Webcam Videos – ‘Ceiling Syndrome’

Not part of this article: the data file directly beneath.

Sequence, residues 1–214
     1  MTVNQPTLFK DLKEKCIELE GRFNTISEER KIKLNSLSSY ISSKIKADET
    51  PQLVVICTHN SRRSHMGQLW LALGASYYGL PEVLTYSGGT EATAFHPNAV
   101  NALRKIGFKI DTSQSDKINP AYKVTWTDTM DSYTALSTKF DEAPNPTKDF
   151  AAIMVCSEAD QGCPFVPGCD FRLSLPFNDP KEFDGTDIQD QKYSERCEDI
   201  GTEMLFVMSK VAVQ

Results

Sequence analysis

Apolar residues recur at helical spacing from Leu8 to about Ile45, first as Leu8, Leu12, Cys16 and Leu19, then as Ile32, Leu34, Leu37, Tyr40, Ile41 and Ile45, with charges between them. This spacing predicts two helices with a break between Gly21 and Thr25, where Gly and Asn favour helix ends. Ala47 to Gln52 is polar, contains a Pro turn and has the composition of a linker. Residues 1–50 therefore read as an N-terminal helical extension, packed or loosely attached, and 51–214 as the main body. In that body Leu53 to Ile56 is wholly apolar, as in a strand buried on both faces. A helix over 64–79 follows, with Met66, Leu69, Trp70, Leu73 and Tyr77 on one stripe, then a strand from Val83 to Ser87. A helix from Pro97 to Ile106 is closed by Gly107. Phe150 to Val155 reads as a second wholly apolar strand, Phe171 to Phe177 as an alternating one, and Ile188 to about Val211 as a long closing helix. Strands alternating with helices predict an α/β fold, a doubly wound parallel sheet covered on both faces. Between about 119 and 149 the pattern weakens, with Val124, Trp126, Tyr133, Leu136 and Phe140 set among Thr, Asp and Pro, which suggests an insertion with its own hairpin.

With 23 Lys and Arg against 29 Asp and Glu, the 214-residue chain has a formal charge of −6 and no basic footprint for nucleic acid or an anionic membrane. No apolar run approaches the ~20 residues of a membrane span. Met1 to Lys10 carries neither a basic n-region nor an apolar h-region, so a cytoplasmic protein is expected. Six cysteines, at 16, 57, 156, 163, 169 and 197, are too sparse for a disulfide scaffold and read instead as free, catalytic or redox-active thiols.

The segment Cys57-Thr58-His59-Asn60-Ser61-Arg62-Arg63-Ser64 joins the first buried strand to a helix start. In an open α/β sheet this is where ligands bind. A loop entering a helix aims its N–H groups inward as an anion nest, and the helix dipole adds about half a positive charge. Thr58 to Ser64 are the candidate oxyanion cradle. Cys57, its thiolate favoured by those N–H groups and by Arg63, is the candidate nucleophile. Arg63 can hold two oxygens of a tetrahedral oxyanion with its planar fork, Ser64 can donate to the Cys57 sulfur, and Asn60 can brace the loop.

I am seeing a lot more of people's ceilings and bedrooms nowadays than I used to. Of course it isn't what you think - stop right now! Video blogging is great, don't get me wrong, and a webcam is a very affordable way to go about it. Yes, I understand that you are connecting with an existing audience who won't mind a few foibles. Or I hope it's an existing audience - is a home movie the right level of video marketing you want when trying to secure new customers? I know that it would switch me off. It's the laptop webcams or compromised home office spaces that are leading to Ceiling Syndrome. If you're peering downwards at a webcam, then by default it is looking upwards, and often that means we can see the top of your office, lounge or bedroom walls, a chunk of ceiling, maybe some spiders webs (sack that cleaner!) and perhaps the corner of a John Lewis wall print. Think about your last trip to the passport photo booth (remember the days when you waited 10 minutes and the pictures came out still moist?). The way that photo is framed - we'll ignore the forced non-smile - is what you need to aim for. In fact it's not just the video that is suffering if you have Ceiling Syndrome. Your back, arms, wrists and neck might be taking a hammering too. Ask a physio or ergonomics expert : your screen should be at eye level when you are sitting down and facing front and level. I remember the fuss about display heights, RSI etc when I was back in corporate land in the 90s. The prevalence of laptops is undoing all that work. I adjusted my monitor angles and heights earlier this year when I saw in the picture-in-picture just how unflattering the webcam angle was. Nobody wants to see your chin, nostrils or ceiling. So look at your environment, keep your head up and let's banish Ceiling Syndrome. Oh, and if you do have that annoying twinge, I can recommend Bevan Wilson Physiotherapy to soothe your ills.